So, my very first real post on my much neglected blog will be a reflective piece on the discussions of HDR (higher degrees by research) training in Australia we had at SciPath13.
After getting up on stage at SciPath12 this time last year and stating ‘You can tell I have had transferable skills training during my PhD, I brought my own coloured pens for the flip chart task’, I was unmasked as a rare beast.
Why was I so rare? It boiled down to the fact that I had all my post grad training in the (12 years) I spent away from my native Oz in the UK. I happened to gain both an MRes and PhD from the University of York Biology department, starting in Sept 2003 and ending in March 2009. This was immediately following the publication and initial implementation of the Roberts Review in 2002. The Roberts Review was in response to pressure, mainly from the industries that needed better SET (science, engineering and technology) workers, to broaden the training. According to Vitae ‘The government responded positively to Sir Gareth Roberts’ report SET for Success, providing funding of just under £150M in the 2002 Spending Review to the research councils to increase stipends, length of doctoral programmes and provide training for their funded researchers. This also included providing improved career prospects for research staff, including the creation of 1000 academic fellowship positions.’ Recent evidence of the impact of the policies then implemented was published in 2011.
In York,the early attempts to get members of the traditional academic staff (complete with beards) to teach us newbies about project planning, time management and personal effectiveness were clumsy and resulted in much cocky scorn from us, the golden children of science. But then the funding for the ‘quaternary industry’ of HDR training kicked in and suddenly the University could hire external providers (much like the Brisbane based Kerstin Fritsches Post Doc Training). The one that we were required to do was GRADSchool and I managed to do it in bits and pieces as a ‘beta tester’ during my Masters and PhD.
We also had an on site Graduate Training Coordinator, the first (and current) one employed in during my second year. Hilary Jones has done a fabulous job in the intervening years, taking into account feedback from students and incorporating different streams into the program for those with different career trajectories. I am still trying to convince my employer, Deakin University, to fly her over to run some intensive programmes for our HDR students.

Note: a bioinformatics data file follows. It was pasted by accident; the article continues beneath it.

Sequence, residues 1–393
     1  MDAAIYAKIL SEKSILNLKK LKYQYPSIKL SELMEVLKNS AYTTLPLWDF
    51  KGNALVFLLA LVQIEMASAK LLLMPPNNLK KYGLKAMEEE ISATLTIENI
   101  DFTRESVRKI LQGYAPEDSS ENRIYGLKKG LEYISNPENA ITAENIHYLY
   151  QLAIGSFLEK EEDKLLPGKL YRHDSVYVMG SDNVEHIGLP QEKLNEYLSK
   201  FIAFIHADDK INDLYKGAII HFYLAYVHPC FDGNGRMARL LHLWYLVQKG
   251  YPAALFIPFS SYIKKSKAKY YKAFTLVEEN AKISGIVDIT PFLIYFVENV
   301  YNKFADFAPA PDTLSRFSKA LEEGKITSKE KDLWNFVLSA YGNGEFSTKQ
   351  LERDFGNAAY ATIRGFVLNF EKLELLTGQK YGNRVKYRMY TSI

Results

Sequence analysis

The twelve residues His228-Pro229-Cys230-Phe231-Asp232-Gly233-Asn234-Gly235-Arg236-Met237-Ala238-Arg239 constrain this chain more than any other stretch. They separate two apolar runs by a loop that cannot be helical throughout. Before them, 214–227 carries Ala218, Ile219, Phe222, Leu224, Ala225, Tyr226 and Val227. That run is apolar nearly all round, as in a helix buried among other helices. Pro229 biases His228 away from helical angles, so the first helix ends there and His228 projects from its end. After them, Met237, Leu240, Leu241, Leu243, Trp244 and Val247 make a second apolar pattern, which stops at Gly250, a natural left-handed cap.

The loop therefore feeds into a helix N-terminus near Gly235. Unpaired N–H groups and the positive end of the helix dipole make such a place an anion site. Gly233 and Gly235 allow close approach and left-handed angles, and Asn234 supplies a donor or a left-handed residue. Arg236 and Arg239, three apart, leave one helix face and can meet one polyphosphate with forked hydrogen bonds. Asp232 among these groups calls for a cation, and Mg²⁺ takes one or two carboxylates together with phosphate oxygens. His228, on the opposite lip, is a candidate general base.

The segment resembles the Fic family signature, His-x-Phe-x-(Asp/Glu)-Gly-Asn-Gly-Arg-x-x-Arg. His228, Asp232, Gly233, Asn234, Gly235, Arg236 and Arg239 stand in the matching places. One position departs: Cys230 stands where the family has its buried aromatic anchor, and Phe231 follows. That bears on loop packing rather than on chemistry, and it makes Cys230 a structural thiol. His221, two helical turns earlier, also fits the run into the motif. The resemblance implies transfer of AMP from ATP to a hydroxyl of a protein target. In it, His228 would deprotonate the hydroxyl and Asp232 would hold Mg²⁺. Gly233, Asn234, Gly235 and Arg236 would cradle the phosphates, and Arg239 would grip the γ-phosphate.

Why did the UK universities start these types of activities after the Roberts Review? It may have had something to do with edicts from the Research Councils UK (RCUK), the strategic partnership of the UK’s seven Research Councils. These bodies fund most research and research training in the UK, to the tune of £3 billion per year. So I guess if it is imposed (and funded) from above, the users of the money were forced to come to heal. The outcomes expected for HDR trainees (like me) is encapsulated in the Research Development Framework that was presented by Tony Peacock, Head of the CRC association, as the minimum standards in their training programme. I was tweeting one of the students from Deakin in the audience, to say ‘Remember when I showed these same slides to you guys in our department this time last year?’ . The feelings of déjà vu were strong! I now incorporate the ideas from the RDF in my teaching, from the importance of ‘soft skills’ to my first year Medical Biotech undergrads at Deakin, to the careers sessions I have been asked to do for our HDR students in the School of Medicine.
The opening of EMCR Forum’s Science Pathways 2013, during the now traditional ‘stop begging for money’ speech from Australia’s Chief Scientist, Prof Ian Chubb, he made it very clear that Australia lacks any kind of coherent and strategic plan for advancing scientific research….and hasn’t had one for some time (even when we had a science minister!). And as my mind exploded with the calculations of bureaucratic waste in dissipating the Australian research effort over 14 portfolios and 79 departments, I felt powerless. Powerless to even make a dent in the established feudal system that still seems to be entrenched.
Thankfully, the next speaker, Prof Alan Finkel, was more upbeat and gave an inspiring talk about innovation and engaging with industry. It is my hope that if more of the ‘establishment’ (Universities, the CSIRO, CRCs, Institutes and Research Councils) band together and put pressure on to change the research funding and training landscape in a strategic way.
The government within its rights to demand a trade off. Again, this happened in the UK and I was interviewed when a final year PhD student at York when the BBSRC came to launch the RCUK ‘Excellence with Impact’. And yes, as you would expect, there was the howls of outrage from the Professors in the meetings – the ‘Blue Sky Science’ argument, mostly. I have decided to put a dollar in a jar every time I hear that phrase from now on, I could fund myself to do some research after a while!
But if we want the ‘win-win’ situation for science in Australia, we may have to start to judge the potential impact of our research from the perspective of our biggest stakeholders, the tax payer.